Comparing himself to an ever-ready fireman, Eubanks radiated an excited pride about his job, and it was clear that, like Westenskow, he had found his calling in the transit loops of Duke.
“I just love the job,” he told me. “I’ve been well-received by this University…. I look forward to coming to work.”
Eubanks spoke eagerly about his life outside Duke as well—he recently celebrated his three-year anniversary of marriage to a woman who he told me he chased for nearly 20 years. And he cares deeply for his family. Two decades ago, Eubanks moved to Philadelphia to take care of his mother after she suffered a series of massive strokes. When she was still going strong 18 years later, Eubanks moved back to Durham and took up the job of Duke bus driver. His experiences have made him passionate about encouraging students to value what they have.
“You only get one mommy. If you are blessed to have both parents, then you are truly, truly blessed,” he said. “Never ever ever take it for granted. Ever. I tell all the kids that if you ever think you’re having a bad day… go to the children’s hospital, and interact with those kids one time, and it will change your whole life.”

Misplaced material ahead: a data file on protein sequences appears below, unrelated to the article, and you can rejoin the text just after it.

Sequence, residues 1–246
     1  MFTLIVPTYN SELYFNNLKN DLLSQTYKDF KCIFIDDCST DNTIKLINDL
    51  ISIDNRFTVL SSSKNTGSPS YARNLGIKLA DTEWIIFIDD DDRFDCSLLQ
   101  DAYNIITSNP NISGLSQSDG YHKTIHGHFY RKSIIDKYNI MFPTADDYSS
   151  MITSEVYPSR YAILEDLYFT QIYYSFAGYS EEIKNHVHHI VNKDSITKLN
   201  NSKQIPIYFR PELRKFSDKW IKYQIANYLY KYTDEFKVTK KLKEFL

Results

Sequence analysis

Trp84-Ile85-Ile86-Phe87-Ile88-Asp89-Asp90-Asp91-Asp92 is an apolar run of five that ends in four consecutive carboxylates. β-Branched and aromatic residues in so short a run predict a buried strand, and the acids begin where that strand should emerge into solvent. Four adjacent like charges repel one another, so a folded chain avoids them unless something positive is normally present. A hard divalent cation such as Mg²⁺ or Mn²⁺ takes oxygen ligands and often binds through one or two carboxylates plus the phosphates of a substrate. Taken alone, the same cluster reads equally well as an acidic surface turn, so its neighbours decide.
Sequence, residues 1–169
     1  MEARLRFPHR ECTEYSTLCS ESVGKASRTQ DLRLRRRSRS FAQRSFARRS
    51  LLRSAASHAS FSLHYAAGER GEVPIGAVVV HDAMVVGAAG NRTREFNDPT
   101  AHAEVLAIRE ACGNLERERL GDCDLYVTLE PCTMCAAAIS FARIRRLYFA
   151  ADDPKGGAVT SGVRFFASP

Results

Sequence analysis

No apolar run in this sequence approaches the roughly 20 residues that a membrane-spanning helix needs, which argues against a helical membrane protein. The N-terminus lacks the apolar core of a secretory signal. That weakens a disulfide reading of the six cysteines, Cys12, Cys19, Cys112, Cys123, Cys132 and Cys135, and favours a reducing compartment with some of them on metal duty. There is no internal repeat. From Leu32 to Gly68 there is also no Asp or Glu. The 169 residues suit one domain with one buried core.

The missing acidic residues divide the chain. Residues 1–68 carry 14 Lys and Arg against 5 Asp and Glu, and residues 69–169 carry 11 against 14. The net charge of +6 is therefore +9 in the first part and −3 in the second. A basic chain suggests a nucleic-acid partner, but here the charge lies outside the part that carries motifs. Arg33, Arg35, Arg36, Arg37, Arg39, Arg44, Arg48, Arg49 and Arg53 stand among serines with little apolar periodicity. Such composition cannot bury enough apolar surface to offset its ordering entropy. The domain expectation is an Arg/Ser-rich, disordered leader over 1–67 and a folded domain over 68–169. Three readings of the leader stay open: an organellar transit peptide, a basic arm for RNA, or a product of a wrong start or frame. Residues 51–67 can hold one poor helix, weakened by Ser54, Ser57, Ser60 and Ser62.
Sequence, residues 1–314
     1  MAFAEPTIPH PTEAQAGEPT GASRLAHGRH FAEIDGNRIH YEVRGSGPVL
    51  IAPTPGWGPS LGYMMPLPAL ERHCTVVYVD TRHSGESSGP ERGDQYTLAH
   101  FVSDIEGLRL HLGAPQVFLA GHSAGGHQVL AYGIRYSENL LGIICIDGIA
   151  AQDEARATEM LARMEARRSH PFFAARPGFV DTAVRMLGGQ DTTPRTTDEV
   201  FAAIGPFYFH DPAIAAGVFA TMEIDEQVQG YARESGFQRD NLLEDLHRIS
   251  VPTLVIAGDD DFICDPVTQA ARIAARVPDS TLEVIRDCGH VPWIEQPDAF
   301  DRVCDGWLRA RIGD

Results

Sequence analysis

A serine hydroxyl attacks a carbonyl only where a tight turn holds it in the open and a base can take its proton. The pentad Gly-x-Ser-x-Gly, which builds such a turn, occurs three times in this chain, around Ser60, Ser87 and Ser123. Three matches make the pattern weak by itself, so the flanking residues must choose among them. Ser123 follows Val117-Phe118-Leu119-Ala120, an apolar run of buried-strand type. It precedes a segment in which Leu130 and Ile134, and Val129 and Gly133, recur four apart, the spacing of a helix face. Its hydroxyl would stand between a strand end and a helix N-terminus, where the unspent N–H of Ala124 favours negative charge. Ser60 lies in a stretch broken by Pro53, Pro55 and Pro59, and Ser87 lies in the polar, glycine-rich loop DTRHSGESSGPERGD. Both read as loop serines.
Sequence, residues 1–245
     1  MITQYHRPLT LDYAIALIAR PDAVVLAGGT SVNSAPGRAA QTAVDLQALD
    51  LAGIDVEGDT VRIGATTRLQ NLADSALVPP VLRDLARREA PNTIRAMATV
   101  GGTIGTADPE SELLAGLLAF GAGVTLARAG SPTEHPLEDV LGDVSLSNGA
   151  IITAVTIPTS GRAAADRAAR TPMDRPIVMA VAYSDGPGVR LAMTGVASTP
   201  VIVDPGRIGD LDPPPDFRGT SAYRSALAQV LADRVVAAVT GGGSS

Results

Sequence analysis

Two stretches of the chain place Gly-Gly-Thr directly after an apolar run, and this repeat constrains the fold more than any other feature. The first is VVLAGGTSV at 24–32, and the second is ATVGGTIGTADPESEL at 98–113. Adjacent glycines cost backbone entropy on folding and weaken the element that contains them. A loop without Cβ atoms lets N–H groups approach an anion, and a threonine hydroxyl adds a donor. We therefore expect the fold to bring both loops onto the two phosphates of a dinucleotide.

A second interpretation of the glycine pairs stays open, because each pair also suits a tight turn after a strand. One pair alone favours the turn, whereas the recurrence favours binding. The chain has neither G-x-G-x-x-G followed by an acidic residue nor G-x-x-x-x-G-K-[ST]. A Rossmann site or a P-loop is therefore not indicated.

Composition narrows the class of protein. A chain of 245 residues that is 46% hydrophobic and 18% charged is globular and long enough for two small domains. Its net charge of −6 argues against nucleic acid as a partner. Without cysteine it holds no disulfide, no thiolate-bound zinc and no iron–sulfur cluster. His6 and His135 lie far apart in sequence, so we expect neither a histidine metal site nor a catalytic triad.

And this was three minutes into our conversation. Speaking with Eubanks, things got deep fast—but as many students told me, this isn’t uncommon.
Anderson said her conversations with the bus driver often delve into surprisingly abstract and philosophical topics, occasionally brushing on subjects like ghosts and exorcisms.
“It’s refreshing to talk to someone who isn’t constantly as busy as you are,” she told me. “Someone who’s… down to earth, and connected to the big picture.”
The bus drivers of Duke have a responsibility and a vantage point paralleled by few people on campus. They’ve seen more stories than they could tell in a year of conversation, and lived through more experiences than could fill the books that some students encourage them to write.
“I wish more people would take the time to get to know [them],” Anderson told me.
As I eventually learned, Westenskow needed the map in my hand for a reason. There was a student on her bus who couldn’t figure out where in Durham she needed to go, and Westenskow would not continue her route without helping. And she’s not the only one with this attitude. Each of these drivers has a story. Many of them are fascinating. And we can become a part of these stories if we put away our phones, look up from our laps and ask them how things look from the driver’s seat.